• Dole,
• BHP, Chevron,
• Unocal
Offences against the law of nations
(18th century)
1. Piracy
2. Infringements of the rights of
3. Violation of safe conducts
... Now
ATCA - a short list
• genocide,
• extra-judicial killing,
• torture,
• war crimes,
• slavery,
• extreme arbitrary detention
What human rights under ATCA?
“Actionable violations of international law must be of a
norm that is specific, universal, and obligatory”. In re
Estate of Marcos Human Rights Litigation (1994)
‘We are persuaded that federal courts should not
recognize private claims under federal common law
for violations of any international law norm with less
definite content and acceptance among civilized
nations than the historical paradigms familiar when
§1350 was enacted.’ Sosa v. Alvarez (2004)
Sosa v. Alvarez (2004)
’judicial power should be exercised on the
understanding that the door is still ajar
subject to vigilant doorkeeping, and thus
open to a narrow class of international
norms today.’
ATCA landmarks
• 1980 Filartiga v. Pena-Irala (torture committed by
police in Paraguay)
• 1995 Kadic v. Karadzic (genocide and war crimes)
(egregious human rights violations committed by
private actors)
• 2002 Doe v. Unocal Corp (company aiding and
abetting murder, rape, forced labour)
• 2004 Sosa v. Alvarez-Machain (scope of ATCA)
• 2013 Kiobel v. Shell (extraterritorial application
of US law (ATCA))
Filartiga v. Pena-Irala (1980)
intentional torture committed under the guise of
official authority violates customary international
norms of human rights, irrespective of the nationality
of the parties.
Kadic v. Karadzic (1995)
exceptionally egregious human rights violations, including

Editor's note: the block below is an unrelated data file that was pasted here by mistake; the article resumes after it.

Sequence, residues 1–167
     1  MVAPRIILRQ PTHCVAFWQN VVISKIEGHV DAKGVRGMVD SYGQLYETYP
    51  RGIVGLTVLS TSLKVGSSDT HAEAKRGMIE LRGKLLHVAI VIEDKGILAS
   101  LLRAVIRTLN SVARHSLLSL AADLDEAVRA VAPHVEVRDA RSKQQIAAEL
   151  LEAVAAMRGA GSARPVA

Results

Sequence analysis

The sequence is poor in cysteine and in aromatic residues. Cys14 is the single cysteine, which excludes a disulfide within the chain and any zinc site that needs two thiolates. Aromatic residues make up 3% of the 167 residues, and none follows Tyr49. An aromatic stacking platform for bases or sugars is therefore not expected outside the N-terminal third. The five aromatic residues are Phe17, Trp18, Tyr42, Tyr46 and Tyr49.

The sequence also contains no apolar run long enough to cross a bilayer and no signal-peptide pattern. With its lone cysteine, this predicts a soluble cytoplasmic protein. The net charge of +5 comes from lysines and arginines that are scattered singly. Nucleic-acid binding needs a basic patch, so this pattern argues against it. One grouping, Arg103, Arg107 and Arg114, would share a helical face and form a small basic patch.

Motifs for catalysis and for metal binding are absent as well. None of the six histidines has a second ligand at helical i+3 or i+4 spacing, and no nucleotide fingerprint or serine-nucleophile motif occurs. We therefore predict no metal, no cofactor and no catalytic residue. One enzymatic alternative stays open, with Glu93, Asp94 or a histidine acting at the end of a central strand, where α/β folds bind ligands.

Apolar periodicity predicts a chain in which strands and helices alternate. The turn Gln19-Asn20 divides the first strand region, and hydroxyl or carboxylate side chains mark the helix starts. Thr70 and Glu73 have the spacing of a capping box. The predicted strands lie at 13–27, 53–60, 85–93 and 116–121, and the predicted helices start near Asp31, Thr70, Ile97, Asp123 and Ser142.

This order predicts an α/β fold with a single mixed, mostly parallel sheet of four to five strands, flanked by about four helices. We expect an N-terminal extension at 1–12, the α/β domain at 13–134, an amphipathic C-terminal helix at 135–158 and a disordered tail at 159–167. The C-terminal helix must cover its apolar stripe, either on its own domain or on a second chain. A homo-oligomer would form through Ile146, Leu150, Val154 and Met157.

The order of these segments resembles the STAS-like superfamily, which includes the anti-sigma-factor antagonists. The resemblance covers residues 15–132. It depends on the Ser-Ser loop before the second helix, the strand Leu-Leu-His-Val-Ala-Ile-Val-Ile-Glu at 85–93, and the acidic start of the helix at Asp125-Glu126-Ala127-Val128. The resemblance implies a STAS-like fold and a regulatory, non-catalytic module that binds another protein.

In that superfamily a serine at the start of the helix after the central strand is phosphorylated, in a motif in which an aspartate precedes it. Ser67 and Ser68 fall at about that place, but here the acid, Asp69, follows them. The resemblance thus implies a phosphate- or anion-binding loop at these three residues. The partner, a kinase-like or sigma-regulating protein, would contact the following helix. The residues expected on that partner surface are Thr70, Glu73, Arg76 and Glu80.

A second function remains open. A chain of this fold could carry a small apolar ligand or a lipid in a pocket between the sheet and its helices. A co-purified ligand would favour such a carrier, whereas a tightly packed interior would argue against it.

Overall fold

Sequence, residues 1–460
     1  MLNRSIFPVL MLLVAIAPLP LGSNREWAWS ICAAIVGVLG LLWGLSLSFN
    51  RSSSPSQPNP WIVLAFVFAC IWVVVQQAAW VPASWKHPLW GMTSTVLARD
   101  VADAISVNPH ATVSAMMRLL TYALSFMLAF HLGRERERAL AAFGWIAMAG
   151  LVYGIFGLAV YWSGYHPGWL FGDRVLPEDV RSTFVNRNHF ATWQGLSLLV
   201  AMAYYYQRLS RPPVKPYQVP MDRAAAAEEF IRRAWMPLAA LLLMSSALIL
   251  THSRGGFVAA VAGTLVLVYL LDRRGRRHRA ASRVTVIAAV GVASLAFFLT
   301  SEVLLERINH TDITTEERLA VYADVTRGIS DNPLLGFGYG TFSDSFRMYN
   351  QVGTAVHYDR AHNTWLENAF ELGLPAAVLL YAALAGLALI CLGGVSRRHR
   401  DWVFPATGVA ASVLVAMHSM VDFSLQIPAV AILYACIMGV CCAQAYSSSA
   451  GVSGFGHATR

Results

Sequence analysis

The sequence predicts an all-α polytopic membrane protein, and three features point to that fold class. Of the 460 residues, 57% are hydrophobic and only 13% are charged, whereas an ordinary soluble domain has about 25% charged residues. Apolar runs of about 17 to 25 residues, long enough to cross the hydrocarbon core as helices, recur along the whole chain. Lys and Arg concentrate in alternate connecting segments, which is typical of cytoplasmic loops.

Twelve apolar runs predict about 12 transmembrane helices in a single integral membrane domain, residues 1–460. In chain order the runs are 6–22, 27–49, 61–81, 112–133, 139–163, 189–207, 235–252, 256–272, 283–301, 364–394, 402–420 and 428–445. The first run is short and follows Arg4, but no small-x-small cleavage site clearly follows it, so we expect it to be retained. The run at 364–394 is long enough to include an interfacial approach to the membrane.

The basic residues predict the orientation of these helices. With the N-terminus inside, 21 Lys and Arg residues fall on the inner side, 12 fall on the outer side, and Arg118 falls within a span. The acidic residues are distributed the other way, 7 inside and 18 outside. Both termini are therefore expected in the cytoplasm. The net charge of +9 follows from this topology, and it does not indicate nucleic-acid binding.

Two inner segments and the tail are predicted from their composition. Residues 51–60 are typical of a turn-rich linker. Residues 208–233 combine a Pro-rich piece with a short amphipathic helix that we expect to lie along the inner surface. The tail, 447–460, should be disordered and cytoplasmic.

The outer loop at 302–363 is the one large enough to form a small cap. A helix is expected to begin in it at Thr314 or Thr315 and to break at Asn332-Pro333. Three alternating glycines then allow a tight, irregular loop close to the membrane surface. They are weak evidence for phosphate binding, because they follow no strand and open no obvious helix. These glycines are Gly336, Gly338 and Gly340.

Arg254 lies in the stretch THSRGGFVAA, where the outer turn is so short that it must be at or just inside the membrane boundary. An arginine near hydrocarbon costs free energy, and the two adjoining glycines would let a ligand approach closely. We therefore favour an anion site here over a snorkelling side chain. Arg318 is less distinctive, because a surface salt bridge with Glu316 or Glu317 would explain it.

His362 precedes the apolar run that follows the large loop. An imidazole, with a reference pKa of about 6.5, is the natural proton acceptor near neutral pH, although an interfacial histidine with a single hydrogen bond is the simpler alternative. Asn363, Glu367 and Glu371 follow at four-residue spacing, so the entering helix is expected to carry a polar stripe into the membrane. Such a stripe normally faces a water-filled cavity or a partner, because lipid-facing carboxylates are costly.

genocide, war crimes, and slave trading, are exempt from the
state action requirement regardless of whether the violation
was committed by private or state actors.
Doe v. Unocal Corp (2002)
The court allowed the case to go to trial and for the plaintiff to prove that
Unocal aided and abetted murder, rape, and forced labor committed by
the Burmese government and militia
Unocal case (1996-2005)
Plaintiffs alleged that Unocal knew or
reasonably should have known that the
military, whom Unocal had contracted to
provide security for the building of the
pipeline, would engage in such practices ->
Doe v. Unocal Corp (2002)
‘Unocal knew that the military had a record of
committing human rights abuses; that the Project
hired the military to provide security for the Project, a
military that forced villagers to work and entire
villages to relocate for the benefit of the Project; that
the military, while forcing villagers to work and
relocate, committed numerous acts of violence; and
that Unocal knew or should have known that the
military did commit, was committing, and would
continue to commit these tortious acts.’
(Federal District Court)
Complicity - Unocal case
‘Aiding and abetting’ the perpetuators:
‘a certain level of participation and knowledge’,
that is, “knowing practical assistance or
encouragement that has a substantial effect on
the perpetration of the crime”
Elements of complicty
• Conduct (actus reus): accomplice must
contribute in a material (‘direct and substantial’)
• Knowledge (mens rea): element of intent
and/or knowledge (must have intended or have
been reckless as to its commission)
• Effect: substantial effect points to causality
Mens rea (in Unocal case, 2002)…
Ninth Circuit Court of Appeals (Unocal) applied the
Furundzija standard on mens rea:
“it is not necessary for the accomplice to share
the mens rea of the perpetrator, in the sense
of positive intention to commit the crime.” If
the accused “is aware that one of a number of
crimes will probably be committed, and one of
those crimes is in fact committed, he has
intended to facilitate the commission of that
crime, and is guilty as an aider and abettor.”
… and mens rea (in Talisman case, 2009)
Second Circuit court: plaintiff proves that
defendant acted with the purpose of
facilitating the crime; a defendant's mere
knowledge that its conduct has or will
facilitate such wrongdoing is insufficient.
Presbyterian Church of Sudan v. Talisman Energy (2009)
End of Unocal case
• Case was settled on the eve of the scheduled
en banc rehearing (2004)
• Unknown amount – details of settlement not
Wiwa v. Shell (2009)
Aiding and abetting and conspiracy of Royal Dutch Shell and its
Nigerian affiliate with Nigerian government and security
Aim: to detain, torture, and execute members of the Ogoni